Candidates on Money, Attitudes and the Future

With little fanfare and a small audience, the three supervisor candidates for Inyo’s District 3 answered questions four days before the election in a League of Women Voters’ Forum. One of the challengers called the current Board of Supervisors “arrogant and intimidating” to the public.

Incumbent Supervisor Beverly Brown said she has “unfinished business” to deal with in a new term. She didn’t say what it was. The most important issues? Financing, Brown said. She pointed to no lay-offs in county government but said the State budget shortfalls would take a toll – possibly a loss of Calworks and MediCal coverage.

Challenger Rick Pucci brings 30 years of running the City of Bishop as administrator to his candidacy. He stood on his successes in city government. He also called for respect and courtesy for the public. Pucci also said the number one issue is financial stability and survival. The long-time administrator said Inyo County must get creative and “think out of the box.” He said government should only do things private enterprise won’t do. Pucci also placed maintenance of natural resources on the top of the list with what he called “open, public dialogue.” He also named public safety, jobs, economic development, recreation and medical services.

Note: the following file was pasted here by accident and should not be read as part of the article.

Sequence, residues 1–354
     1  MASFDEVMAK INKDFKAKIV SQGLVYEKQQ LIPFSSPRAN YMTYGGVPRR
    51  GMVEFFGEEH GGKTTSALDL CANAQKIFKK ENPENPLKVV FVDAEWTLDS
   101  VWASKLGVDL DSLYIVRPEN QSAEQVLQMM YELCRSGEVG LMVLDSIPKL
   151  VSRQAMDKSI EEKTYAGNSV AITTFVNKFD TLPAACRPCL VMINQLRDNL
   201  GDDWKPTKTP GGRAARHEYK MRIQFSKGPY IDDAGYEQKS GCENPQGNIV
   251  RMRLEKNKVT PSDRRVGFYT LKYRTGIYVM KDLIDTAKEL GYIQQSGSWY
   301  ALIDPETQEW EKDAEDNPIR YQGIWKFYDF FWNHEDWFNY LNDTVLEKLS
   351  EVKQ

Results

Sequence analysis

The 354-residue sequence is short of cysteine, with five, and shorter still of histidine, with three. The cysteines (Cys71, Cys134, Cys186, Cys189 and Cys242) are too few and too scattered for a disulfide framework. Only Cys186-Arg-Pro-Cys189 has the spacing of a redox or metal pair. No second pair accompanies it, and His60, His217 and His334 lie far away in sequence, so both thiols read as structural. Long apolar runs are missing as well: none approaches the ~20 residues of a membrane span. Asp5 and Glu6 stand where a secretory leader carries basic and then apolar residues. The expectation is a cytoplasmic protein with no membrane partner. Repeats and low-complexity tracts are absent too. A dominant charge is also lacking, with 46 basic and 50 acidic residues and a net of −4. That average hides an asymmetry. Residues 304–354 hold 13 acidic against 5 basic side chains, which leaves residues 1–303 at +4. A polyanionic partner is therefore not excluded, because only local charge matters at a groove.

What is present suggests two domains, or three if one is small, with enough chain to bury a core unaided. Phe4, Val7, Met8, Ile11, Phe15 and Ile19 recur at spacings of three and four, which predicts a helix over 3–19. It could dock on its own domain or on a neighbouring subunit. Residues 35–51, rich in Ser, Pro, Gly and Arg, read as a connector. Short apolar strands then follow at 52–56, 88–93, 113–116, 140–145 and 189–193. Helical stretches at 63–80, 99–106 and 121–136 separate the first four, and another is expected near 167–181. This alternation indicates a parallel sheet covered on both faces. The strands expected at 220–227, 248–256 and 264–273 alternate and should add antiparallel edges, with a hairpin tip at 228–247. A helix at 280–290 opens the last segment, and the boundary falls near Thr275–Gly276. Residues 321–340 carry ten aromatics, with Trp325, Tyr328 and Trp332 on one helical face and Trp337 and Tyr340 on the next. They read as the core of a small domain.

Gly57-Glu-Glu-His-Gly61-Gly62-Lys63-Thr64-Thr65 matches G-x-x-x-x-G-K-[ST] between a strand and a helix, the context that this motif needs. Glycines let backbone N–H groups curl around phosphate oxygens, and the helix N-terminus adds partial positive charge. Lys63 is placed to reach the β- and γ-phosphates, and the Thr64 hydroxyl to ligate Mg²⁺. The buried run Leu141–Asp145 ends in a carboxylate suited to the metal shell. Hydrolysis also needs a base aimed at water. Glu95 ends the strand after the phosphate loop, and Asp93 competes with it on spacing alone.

Candidate Karen Ball Summers named fiscal concerns as primary. She pointed to potential economic partnerships like renewable energy. Summers called for “assertive oversight” of DWP and the ongoing need to deal with differences over the Long Term Water Agreement. Summers pointed to help for the young and for older adults. As an Adult Services provider for the county, Summers said she knows the needs. “We have to keep up the quality of life for the elderly while cuts come down from the State.”

Summers surprised the audience and panel when she criticized the lack of access to local government. “People feel like their voices are not heard. We need leadership,” she said, “to include citizens.” Summers said the Supervisors seem to work for County administration and not for the people. She called the supervisorial attitudes “arrogant and intimidating.”

On other issues, Bev Brown could not explain her lack of enforcement of the DWP Water Agreement and blamed water for the Owens Dry Lake for DWP’s pumping of the Owens Valley.

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